Indiana’s 5th District isn’t at the top of Democrats’ takeover target list, but the race is a good barometer for at least two key trends: the blue shift in the suburbs and the challenge for House Republicans to even maintain their small number of women on Capitol Hill.
\Even though Donald Trump won the 5th in 2016, Democrats took aim at the seat two years later because it contains some of Indianapolis’s northside suburbs. GOP Rep. Susan Brooks won re-election by 14 points in 2018, but her subsequent retirement creates an open seat, and a potential headache for her party if Republicans don’t nominate someone who is acceptable to a broad base of voters.
Brooks’ departure also threatens the number of Republican women in the House because she’s one of just 13 currently serving. And based on the initial handicapping, it looks like even if Republicans hold the district, it’s most likely to be with a man, in part because of multiple, credible female contenders.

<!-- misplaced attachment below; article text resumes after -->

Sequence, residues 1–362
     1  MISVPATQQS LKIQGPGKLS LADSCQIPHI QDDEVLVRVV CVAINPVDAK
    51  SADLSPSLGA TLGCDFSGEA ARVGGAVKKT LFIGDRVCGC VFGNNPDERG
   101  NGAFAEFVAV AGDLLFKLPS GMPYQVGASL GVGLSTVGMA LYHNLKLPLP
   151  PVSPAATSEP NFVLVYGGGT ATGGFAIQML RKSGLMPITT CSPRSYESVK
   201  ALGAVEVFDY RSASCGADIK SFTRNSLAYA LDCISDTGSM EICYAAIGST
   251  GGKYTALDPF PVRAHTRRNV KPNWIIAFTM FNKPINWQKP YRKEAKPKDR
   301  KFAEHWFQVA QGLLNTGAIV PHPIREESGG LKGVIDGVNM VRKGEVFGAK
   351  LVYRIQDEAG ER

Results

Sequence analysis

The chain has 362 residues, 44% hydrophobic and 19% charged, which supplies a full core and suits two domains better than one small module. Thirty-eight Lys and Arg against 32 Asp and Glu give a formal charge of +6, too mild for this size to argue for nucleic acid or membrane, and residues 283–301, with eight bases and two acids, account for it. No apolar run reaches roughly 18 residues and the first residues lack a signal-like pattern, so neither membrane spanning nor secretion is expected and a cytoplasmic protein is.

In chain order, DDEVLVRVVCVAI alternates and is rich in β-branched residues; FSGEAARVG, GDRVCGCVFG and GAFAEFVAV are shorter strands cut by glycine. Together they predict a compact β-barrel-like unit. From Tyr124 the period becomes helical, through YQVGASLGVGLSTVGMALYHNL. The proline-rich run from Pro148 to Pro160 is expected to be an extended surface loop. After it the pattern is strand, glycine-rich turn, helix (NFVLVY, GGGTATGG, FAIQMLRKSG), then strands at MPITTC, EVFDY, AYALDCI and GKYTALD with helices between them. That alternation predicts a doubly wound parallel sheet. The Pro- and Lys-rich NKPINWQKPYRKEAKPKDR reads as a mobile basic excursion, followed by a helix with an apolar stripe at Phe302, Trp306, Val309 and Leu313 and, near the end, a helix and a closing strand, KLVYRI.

The race should be a bellwether to see if the bottom has fallen out for the Republicans on Election Night.
The Lay of the Land
Indiana’s 5th District sits north of Indianapolis and includes Carmel, Anderson, Noblesville, Fishers, Marion, Westfield, and Zionsville. It’s the wealthiest district in the state with a mixture of wealthier suburbs, blue-collar cities and rural areas.
At the presidential level, Trump won the district 53-41 percent in 2016, Mitt Romney carried it 58-41 percent in 2012, and John McCain…